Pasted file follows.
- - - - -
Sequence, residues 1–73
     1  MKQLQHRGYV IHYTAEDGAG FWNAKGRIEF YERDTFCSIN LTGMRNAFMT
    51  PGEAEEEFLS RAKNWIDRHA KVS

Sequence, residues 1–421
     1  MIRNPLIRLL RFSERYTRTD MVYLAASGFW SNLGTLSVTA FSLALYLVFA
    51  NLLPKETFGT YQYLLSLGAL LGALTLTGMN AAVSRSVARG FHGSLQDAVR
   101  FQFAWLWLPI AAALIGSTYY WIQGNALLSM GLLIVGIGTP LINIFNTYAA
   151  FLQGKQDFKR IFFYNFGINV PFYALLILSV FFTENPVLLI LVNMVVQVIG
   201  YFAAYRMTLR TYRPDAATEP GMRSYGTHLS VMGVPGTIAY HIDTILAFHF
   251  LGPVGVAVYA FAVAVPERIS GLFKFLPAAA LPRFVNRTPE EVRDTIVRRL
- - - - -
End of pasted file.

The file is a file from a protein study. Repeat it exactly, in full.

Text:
Sequence, residues 1–73
     1  MKQLQHRGYV IHYTAEDGAG FWNAKGRIEF YERDTFCSIN LTGMRNAFMT
    51  PGEAEEEFLS RAKNWIDRHA KVS

Sequence, residues 1–421
     1  MIRNPLIRLL RFSERYTRTD MVYLAASGFW SNLGTLSVTA FSLALYLVFA
    51  NLLPKETFGT YQYLLSLGAL LGALTLTGMN AAVSRSVARG FHGSLQDAVR
   101  FQFAWLWLPI AAALIGSTYY WIQGNALLSM GLLIVGIGTP LINIFNTYAA
   151  FLQGKQDFKR IFFYNFGINV PFYALLILSV FFTENPVLLI LVNMVVQVIG
   201  YFAAYRMTLR TYRPDAATEP GMRSYGTHLS VMGVPGTIAY HIDTILAFHF
   251  LGPVGVAVYA FAVAVPERIS GLFKFLPAAA LPRFVNRTPE EVRDTIVRRL